John Knox, c. 1514 - November 24, 1572
John Knox was born sometime in 1514 or 1515. He first appears in public records as a priest and a notary in 1540. During 1544, George Wishart travelled throughout Scotland preaching in favor of the reformation and when he arrived in East Lothian, Knox became an associate and his bodyguard carrying a two-handed sword. Wishart was seized in December 1545 and executed for his faith on March 1, 1546.
Protestant rebels captured St. Andrews Castle and Knox joined them, becoming their reluctant preacher. Knox was later captured when the castle fell and spent 19 months chained to an oar in a French galley.
Between 1549 and 1559, John Knox traveled around Europe, from Geneva to Frankfurt to Scotland. From 1556 to 1559, Knox preached in Geneva to the English-speaking Protestants — sometimes three sermons a week. He returned to Scotland in 1559.
On August 1, 1560, the Scottish Parliament met to settle religious issues. Knox and five other ministers were called upon to draw up a new confession of faith. Within four days, the Scots Confession was presented to Parliament, voted upon, and approved. A week later, the Parliament passed three acts in one day:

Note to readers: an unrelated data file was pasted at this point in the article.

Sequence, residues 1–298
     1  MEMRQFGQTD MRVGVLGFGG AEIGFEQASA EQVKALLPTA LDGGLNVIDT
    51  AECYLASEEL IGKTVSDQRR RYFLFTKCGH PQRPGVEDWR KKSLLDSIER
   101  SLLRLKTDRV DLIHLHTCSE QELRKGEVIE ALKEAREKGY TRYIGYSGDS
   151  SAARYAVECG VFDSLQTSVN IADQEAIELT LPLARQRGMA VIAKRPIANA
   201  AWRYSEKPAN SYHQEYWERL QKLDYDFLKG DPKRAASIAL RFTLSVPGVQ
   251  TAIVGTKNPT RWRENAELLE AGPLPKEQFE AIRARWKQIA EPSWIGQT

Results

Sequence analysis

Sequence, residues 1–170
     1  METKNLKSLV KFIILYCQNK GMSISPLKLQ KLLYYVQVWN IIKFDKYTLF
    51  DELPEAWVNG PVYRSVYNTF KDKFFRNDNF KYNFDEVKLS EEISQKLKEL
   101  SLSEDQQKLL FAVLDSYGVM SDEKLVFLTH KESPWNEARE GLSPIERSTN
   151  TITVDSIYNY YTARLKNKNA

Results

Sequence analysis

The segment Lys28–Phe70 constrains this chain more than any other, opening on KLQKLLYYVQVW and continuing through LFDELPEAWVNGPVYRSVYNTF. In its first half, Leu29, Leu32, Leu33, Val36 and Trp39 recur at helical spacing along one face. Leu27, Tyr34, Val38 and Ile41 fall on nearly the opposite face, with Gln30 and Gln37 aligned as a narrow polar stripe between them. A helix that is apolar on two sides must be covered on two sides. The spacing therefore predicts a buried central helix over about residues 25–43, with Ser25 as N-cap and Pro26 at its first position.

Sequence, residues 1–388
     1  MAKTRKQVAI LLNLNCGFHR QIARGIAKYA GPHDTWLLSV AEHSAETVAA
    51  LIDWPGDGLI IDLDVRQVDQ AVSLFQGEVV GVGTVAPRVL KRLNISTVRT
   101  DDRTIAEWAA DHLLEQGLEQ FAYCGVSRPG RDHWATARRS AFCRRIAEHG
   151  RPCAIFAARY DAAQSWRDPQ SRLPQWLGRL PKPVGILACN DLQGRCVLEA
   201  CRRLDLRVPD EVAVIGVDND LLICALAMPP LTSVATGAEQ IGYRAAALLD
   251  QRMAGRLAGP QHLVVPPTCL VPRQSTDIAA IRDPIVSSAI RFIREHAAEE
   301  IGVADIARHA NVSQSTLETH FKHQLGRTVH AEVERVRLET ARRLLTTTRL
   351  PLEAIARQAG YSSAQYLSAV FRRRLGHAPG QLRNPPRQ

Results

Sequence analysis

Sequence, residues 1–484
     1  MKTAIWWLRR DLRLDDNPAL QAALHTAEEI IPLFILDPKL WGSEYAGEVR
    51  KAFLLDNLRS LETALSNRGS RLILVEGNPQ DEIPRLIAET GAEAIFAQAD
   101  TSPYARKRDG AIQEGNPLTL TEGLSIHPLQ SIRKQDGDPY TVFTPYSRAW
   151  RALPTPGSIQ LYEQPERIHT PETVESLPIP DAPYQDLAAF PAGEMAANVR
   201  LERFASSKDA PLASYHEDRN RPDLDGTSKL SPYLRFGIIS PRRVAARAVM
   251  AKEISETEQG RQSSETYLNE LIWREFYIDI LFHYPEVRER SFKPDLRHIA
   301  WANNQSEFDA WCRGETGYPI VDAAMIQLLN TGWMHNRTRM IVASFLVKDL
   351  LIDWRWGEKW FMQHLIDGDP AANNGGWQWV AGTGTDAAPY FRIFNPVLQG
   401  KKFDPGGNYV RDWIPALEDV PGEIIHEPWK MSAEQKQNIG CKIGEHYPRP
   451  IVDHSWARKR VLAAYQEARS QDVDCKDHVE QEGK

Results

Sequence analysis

the first abolished the jurisdiction of the pope in Scotland,
the second condemned all doctrine and practice contrary to the reformed faith, and the third forbade the celebration of Mass in Scotland.
Before the dissolution of Parliament, Knox and the other ministers were given the task of organizing the newly reformed church or the Kirk. They would work for several months on the Book of Discipline, the document describing the organization of the new church.
Parliament reconvened on January 15, 1561, to consider the Book of Discipline. The Kirk was to be run on democratic lines. Each congregation was free to choose or reject their own pastor; but once he was chosen, they could not fire him.
The Scottish Kirk was set up with Presbyterial organization. Knox set priorities for the Kirk in caring for the poor and in educating all to read so they could read the Bible (the new 1560 Geneva Bible in English).
Presbyterianism would grow and expand to the American colonies with the Scot and Scot-Irish immigration during the late 1600s and 1700s.